Daintree Network’s smart building control and management technology offers long-term, adaptable solutions.
As the Internet of Things continues to shape how people live — and businesses operate — Silicon Valley-based Daintree Network has created an application that is more platform than product, one that aligns with the future of smart technologies and fits particularly well in a manufacturer’s toolbox.
The company’s award-winning energy management system, ControlScope, is an open standards- driven, wireless solution for control, monitoring and optimization of a handful of operational functions: from lighting, to HVAC to plug loads and, eventually, much more.
“The product itself is ControlScope, but think of it as a product that does a lot of things,” says Mandeep Khera, vice president of marketing and channels. “What used to happen — and still happens if you look at other players in the industry — is there are a lot of players who do just one thing. Some companies focused just on plug load controls. These companies are very focused on very niche products. We have a platform. It does multiple applications.”
The company, named on a Forbes list of 10 energy analytics companies to watch in 2015 and founded in 2003 by developers who came from the test and measurement division of HP, initially focused on wireless testing devices. It has expanded into multiple market segments, but industrial warehouses are a sweet spot.
“About five years ago, the company pivoted and created this product from that end technology, which was focused initially on lighting,” Khera says.
With about 500 buildings — and 75 million square feet — under management, Daintree is making strides farther into its warehouse segment. The bigger the facility, the more potential to increase savings and improve energy efficiencies with wireless technology that monitors and controls, either on-premise or in the cloud.
ControlScope involves layers of implementation: software on a server, where control strategies and tasks for each space are defined, an on-site controller box that communicates with end-point devices and an end user — a facility manger — who can review reports or make changes on an iPad or iPhone.
“Once you set the control strategy, implement the software and install a wireless controller, you are done,” Khera says.
By using open standards — those that are publicly available and nonproprietary — Daintree is ensuring that customers will be able to adapt and update ControlScope’s monitoring capabilities to include additional applications into the future. ControlScope will work with any lighting fixtures, thermostat or other devices.
Today, for example, Daintree’s platform employs ZigBee open standards, which covers roughly 1,300 devices.
“When you have ZigBee-certified devices out there, customers have an option to buy any of those and have them connect with our product,” Khera says. “In the future, if there is another that becomes more prevalent, our standards would support that as well. We are committed to ZigBee today because it is the most pragmatic solution and it is very prevalent, but if, say, two years from now something else becomes more practical for companies to use, our commitment is that we will continue to support ZigBee and add additional protocol. It is very important for us to be open standard because that is the only way, we believe, you can accomplish the ultimate goal of the Internet of Things and machines talking to each other. Without open standards, how will you connect them?”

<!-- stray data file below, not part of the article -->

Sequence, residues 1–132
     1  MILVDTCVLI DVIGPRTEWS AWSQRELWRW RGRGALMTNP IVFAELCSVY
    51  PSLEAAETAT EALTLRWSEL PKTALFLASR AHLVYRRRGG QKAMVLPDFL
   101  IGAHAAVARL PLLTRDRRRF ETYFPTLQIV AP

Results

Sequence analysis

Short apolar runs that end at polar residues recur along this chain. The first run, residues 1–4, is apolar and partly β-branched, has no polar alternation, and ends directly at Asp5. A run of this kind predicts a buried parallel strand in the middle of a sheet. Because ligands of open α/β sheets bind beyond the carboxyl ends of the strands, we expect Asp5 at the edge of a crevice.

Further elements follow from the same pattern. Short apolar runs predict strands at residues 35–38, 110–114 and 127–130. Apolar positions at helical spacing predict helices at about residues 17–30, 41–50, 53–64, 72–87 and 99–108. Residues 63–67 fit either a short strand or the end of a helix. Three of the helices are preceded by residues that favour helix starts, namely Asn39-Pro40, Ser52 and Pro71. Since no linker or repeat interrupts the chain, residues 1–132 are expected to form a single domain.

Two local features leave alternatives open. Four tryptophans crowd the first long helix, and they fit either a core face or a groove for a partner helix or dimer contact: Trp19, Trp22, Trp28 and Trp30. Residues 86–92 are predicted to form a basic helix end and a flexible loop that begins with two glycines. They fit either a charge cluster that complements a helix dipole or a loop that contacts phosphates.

The ultimate goal is to allow customers to manage myriad applications with a single platform, he says. “You have one common, unified product that is allowing you to manage everything,” Khera says. “It is more economical that way, more efficient. It is providing you data in one place. What customers love about this product is that it is actually helping them future-proof their facilities. Because we are open standards based, we can keep adding first energy devices and eventually non-energy devices.”
Switching to Daintree’s wireless solution, which can cost 10 times less than wired technology and is easier to install, can create up to 70 percent energy savings for manufacturers and distributors, but that is just the beginning of the benefits, Khera says.
“Energy savings is a no-brainer, especially in a warehouse with high-wattage fixtures,” he says. “That is huge savings right away.”
Beyond that are operational efficiencies, such preventative maintenance.
“If you need a light switched, the ControlScope will issue an alert when it is time to change it, rather than having a maintenance crew come in after it burns out,” he says.
Safety issues can be remedied through ControlScope, too.
“For example, if we detect that there is light that has failed in an area where there is machinery that can hurt someone, you do not want to keep it running or wait until someone walks there,” Khera says. “We issue an alert, text message or email to whomever you want, and you can go and fix it right away.”
Occupant comfort is another benefit, as well as decreasing carbon emissions. The company also can help with building code compliance, such as California’s Title 24, which requires energy- efficiency compliance with major changes to facilities or new construction.
“We are one of the very few control solutions that can provide compliance,” Khera says. “If you knew that with software and wireless networking solutions, which is a simple install, you can save a ton of money through energy savings, reduce carbon emissions and fight global warming and increase your occupant comfort, why would you not do it?”